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Designing and drilling deep-water wells
Every oil and gas well must be designed, drilled and prepared for production – a process known as “completion” – to suit local conditions. These include variations in temperature, pressure and geology. All Shell wells must meet rigorous industry design and construction standards.
While there is no uniform well design, Shell has strict standards for designing, drilling and completing deep-water wells. These require wells to have at least two barriers to safeguard against “blowouts” – a sudden uncontrolled burst of oil or gas out of the production equipment.Barriers include heavy fluids that exert downward pressure to contain the oil or gas, and mechanical barriers – such as cement plugs.
If for any reason well control is lost, a mechanical device, known as a “blowout preventer”, is designed to rapidly seal off the well. The blowout preventer is typically a three-story, 200-tonne stack of valves, pipes and controls. It includes two sets of cutting jaws – called shear rams – to slice through the pipe and seal off the well in an emergency.
Shell’s deep-water wells are designed to have a recovery system in case of a blowout. If the blowout preventer does not successfully shut off the flow from the well, the drilling rig will disconnect and move away from the well site while crews mobilise a capping system. The capping system would be lowered into place from its support barge and connected to the top of the blowout preventer to stop the flow of oil or gas.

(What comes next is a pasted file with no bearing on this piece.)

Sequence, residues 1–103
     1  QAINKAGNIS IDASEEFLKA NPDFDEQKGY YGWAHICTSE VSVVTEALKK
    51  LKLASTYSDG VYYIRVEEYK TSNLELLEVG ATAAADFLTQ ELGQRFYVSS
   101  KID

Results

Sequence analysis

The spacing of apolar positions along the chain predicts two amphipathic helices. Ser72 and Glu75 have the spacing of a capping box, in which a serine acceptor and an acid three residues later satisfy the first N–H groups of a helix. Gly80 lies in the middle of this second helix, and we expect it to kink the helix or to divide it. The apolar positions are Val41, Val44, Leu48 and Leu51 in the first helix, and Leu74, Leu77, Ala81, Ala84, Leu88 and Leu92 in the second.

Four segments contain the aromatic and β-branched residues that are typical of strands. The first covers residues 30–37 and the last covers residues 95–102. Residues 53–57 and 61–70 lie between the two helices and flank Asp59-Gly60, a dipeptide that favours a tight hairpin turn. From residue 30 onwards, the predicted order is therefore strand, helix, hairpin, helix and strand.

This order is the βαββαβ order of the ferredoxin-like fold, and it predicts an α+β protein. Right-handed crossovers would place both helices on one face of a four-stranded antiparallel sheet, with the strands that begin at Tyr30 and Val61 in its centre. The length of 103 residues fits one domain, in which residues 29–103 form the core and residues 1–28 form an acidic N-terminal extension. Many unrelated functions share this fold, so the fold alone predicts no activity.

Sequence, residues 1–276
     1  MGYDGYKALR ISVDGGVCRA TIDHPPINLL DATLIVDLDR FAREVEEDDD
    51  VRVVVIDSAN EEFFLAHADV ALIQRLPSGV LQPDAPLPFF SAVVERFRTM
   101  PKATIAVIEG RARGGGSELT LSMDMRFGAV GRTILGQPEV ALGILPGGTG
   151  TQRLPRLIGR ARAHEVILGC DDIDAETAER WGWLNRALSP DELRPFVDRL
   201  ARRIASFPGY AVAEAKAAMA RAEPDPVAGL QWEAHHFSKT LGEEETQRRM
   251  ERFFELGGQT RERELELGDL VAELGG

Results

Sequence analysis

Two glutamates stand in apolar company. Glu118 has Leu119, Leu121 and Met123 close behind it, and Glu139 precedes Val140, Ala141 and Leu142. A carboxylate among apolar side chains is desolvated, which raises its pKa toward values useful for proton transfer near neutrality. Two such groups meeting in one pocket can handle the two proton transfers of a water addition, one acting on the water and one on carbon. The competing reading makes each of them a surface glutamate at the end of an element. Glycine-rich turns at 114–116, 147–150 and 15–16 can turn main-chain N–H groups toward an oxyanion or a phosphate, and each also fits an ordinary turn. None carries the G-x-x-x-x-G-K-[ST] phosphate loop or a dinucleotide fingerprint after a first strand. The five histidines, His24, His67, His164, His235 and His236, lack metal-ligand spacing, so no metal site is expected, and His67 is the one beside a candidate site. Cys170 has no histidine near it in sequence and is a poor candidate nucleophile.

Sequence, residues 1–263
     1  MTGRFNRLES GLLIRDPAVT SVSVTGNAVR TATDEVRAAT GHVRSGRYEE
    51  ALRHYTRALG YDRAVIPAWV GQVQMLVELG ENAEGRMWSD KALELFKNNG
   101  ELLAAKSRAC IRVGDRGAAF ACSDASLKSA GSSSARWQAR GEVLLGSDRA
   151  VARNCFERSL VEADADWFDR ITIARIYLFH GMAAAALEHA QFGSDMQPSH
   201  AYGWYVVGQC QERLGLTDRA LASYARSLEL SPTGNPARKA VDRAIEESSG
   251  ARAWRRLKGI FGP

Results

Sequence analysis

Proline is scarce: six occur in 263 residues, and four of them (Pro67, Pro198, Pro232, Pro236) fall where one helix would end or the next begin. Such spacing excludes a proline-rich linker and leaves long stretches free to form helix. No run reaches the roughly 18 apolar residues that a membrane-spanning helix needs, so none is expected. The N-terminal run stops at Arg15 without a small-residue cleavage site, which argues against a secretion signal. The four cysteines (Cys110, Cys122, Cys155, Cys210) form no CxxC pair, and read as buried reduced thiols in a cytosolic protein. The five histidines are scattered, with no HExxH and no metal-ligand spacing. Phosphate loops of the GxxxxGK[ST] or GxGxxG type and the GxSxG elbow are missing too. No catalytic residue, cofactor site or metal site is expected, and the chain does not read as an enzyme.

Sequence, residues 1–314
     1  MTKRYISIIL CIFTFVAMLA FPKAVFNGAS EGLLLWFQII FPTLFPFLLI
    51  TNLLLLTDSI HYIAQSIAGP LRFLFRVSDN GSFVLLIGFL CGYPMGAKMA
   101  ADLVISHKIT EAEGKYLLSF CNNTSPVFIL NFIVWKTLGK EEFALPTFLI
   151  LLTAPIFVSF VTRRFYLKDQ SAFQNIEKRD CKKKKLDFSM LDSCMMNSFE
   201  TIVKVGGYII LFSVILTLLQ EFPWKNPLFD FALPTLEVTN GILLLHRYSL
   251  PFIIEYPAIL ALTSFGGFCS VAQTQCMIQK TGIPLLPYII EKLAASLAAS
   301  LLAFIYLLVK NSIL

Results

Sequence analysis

Capping systems, or "stacks", are on ready for rapid deployment to any of our deep-water wells.
Before drilling can begin, the well design, drilling, preparation and completion plan goes through several stages of review. For example, experts from Shell and its drilling contractor model drilling and completing the well.
They make sure that the well design, drilling and completion plan and the safety measures are adapted to the conditions. This planning process is also used to check that everyone working on the rig is clear on roles and responsibilities.
“If something happens during drilling that we weren’t expecting, such as hitting an unexpected pocket of gas, we stop the job,” says Lewis Steven, Shell Drilling Supervisor on the West Navigator drill ship off the coast of Norway. “Work continues only when we are sure it is safe."
Once drilling is complete we run a series of tests to check that the well meets regulations and our own high standards before we bring it on-stream.
Shell drilling safely in deep water - Lewis Steven
Lewis Steven, Shell Drilling Supervisor on the West Navigator drilling ship off the coast of Norway, explains how the rig crew works to ensure that some of the world's largest gas wells are drilled safely.